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The History of Tarmac

In 1999, one of the largest and longest takeover deals took place in industry. Anglo American Mining eventually bought out Tarmac for a cost around $1.7bn. Just before this huge deal took place Tarmac created a new business by using its building sector part and called it Carillion.

Carillion became the largest construction support service industrials in the United Kingdom almost overnight. To see how it all began, one would have to turn the clock back to over a century ago, with the legendary tale of Tarmac’s discovery.

Edgar Purnell Hooley

Edgar Hooley was a county council surveyor in the Nottinghamshire region. In 1901, Hooley was walking near an iron and steel works factory in Derbyshire. He observed a strange substance on a track which led towards to ironworks.

Edgar Hooley

Edgar Hooley

He asked locals what had happened. They informed him a delivery cart, carrying barrels of tar, had shed its load. The barrels had burst open over the track path and locals scurried around to help clean up the mess. Waste slag was used – as a large heap was readily available by the ironworks – to help clean the tar. But it ended up setting and the industrial track had unintentionally created a nice, smooth and clean road.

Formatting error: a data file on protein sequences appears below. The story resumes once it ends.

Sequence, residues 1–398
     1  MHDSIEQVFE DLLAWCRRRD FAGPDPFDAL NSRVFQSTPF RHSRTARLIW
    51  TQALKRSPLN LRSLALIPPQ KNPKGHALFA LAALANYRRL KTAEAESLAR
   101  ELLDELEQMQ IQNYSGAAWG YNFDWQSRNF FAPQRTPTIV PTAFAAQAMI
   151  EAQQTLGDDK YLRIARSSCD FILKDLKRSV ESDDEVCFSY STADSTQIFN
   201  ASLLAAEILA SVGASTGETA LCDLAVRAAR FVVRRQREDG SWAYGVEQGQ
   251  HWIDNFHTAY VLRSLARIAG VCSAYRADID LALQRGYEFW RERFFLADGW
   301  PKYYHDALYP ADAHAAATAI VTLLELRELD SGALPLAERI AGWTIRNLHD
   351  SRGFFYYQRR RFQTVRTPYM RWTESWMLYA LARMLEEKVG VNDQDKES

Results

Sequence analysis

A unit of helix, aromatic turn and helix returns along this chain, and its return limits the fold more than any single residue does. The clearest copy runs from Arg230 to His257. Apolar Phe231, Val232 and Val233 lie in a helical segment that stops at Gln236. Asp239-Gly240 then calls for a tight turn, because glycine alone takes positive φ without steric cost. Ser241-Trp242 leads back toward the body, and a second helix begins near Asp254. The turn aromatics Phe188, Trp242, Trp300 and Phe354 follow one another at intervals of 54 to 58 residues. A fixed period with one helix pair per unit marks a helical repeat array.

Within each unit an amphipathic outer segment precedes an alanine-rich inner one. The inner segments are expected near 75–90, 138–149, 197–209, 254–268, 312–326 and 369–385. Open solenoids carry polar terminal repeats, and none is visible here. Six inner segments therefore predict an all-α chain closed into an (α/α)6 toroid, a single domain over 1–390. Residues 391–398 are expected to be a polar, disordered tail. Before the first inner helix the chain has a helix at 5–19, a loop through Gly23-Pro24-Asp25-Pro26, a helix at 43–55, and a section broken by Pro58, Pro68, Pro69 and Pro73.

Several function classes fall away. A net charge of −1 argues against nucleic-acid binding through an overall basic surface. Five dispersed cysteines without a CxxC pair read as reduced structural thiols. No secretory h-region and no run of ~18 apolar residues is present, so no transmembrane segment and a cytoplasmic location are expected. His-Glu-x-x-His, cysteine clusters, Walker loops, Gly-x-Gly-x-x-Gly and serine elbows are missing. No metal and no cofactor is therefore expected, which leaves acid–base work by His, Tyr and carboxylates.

It was hardy and enduring and made future dray deliveries easier for the carts to traverse. Edgar Hooley noticed this and decided he would patent the idea of mixing waste slag with tar which would be used for tarmac driveways and smooth roads that would become the future of roads.

Hooley filed a patent in Great Britain for Tarmac and within a year Tarmacadam was formed. The syndicate was formed with a Wolverhampton MP running the business and eventually taking on a more business-minded role in Tarmac.

At the time, the world was on the verge of mass producing cars. The crushed stone or shingle tracks that had been used for horse and wagon transport was never going to be good enough for the incoming motor vehicle.

Hooley commissioned a road in Nottingham to be the world’s first tarmac route. The five mile long road still exists today and saw the birth of top-quality road surfaces across the world. Tarmac quickly became a very big company and it even managed to float on the stock market.

Tarmac have won contracts with the Ministry of Defence during the Second World War, won a contract to build the M6 motorway and numerous overseas commissions.


Tarmacadam Driveways Stoke
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